Tilapia Lake Virus

Tilapia are species of fish that has become an important global food source due to their omnivorous diet, tolerance for high-density aquaculture, and relative disease resistance. Naturally, the ever present danger is that 'farming' of a single species of fish can lead to increased susceptibility of viruses.

Since 2009, tilapia aquaculture has been threatened by mysterious mass die-offs in farmed fish in Israel and Ecuador[1]. Scientists have now found the reason: a novel orthomyxovirus[2].
Tentatively called the Tilapia Lake Virus (TiLV), it has a 10-segment, negative-sense RNA genome. The largest segment, segment 1, contains an open reading frame with weak sequence homology to the influenza C virus PB1 subunit (Translated: with the exception of a small genetic segment, that only remotely resembled a virus associated with the reproduction of influenza C). The other nine segments showed no homology to other viruses but have conserved, complementary sequences at their 5′ and 3′ termini, consistent with the genome organization found in other orthomyxoviruses.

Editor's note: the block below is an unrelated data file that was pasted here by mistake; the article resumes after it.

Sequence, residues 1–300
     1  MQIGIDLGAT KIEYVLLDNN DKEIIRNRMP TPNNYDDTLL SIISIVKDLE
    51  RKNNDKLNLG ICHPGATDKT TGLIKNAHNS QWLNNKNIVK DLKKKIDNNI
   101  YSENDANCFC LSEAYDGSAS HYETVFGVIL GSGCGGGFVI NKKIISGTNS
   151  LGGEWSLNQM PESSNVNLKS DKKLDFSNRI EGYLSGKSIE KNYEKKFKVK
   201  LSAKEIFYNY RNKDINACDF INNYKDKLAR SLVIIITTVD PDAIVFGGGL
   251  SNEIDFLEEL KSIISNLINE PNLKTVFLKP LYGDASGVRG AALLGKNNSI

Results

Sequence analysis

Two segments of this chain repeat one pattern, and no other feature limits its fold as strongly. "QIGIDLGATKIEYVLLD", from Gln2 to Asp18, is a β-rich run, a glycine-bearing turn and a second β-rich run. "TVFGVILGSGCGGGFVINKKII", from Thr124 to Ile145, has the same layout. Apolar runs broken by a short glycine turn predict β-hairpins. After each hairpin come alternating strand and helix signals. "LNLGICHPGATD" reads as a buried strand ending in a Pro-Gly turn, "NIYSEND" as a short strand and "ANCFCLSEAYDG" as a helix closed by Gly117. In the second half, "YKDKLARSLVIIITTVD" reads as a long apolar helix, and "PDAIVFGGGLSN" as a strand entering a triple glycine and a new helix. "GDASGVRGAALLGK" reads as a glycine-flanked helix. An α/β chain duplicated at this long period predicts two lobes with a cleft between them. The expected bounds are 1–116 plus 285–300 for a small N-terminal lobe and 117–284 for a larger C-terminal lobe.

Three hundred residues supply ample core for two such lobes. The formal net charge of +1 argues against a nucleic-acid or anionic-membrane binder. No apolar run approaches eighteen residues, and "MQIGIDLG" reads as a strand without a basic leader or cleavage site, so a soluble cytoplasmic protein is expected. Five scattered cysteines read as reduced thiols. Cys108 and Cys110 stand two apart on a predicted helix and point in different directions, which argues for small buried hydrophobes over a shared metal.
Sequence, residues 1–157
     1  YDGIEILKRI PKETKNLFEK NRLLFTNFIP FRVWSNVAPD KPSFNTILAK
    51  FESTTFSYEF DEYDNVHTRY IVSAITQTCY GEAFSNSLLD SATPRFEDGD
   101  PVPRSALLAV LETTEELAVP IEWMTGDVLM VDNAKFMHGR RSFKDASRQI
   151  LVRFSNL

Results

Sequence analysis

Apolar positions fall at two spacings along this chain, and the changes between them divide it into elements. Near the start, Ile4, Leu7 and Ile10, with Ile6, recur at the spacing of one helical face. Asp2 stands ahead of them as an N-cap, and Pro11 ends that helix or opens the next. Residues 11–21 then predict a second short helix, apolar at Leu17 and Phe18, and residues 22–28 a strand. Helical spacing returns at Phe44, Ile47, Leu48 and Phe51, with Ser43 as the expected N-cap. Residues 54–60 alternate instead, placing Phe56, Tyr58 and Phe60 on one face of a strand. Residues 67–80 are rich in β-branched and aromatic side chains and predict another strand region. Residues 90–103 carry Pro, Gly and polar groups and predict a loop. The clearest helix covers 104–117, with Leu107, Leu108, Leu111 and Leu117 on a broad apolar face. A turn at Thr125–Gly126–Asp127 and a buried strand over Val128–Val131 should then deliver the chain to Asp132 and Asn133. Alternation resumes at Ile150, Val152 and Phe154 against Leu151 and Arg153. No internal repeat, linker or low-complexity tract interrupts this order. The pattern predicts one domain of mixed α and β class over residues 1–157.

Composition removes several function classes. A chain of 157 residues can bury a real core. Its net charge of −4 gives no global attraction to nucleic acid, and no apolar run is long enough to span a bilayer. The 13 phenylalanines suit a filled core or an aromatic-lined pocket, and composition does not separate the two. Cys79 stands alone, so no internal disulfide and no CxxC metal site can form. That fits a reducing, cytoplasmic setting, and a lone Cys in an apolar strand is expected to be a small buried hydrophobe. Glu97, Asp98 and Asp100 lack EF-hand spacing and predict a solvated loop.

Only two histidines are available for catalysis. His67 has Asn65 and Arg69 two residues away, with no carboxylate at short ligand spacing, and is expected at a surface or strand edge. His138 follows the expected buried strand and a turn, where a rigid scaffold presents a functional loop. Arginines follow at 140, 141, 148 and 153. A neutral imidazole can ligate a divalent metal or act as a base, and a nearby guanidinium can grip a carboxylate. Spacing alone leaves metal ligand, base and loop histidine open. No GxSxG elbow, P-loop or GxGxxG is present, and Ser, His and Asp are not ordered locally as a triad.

Tilapia with disease show swollen brains (in Israel) and liver disease (in Ecuador). In the coming weeks, the researchers will publish on the link between the Tilapia Lake Virus and an outbreak of disease among tilapia in Colombia[3].

[1]Aygnor et al: Identification of a novel RNA virus lethal to tilapia in Journal of Clinical Biology - 2014
[2]Bacharach et al: Characterization of a Novel Orthomyxo-like Virus Causing Mass Die-Offs of Tilapia in mBio – 2016. See here.
[3] Kembou Tsofack et al: Detection of Tilapia Lake Virus (TiLV) in Clinical Samples by Culturing and Nested RT-PCR in Journal of Clinical Microbiology - 2016

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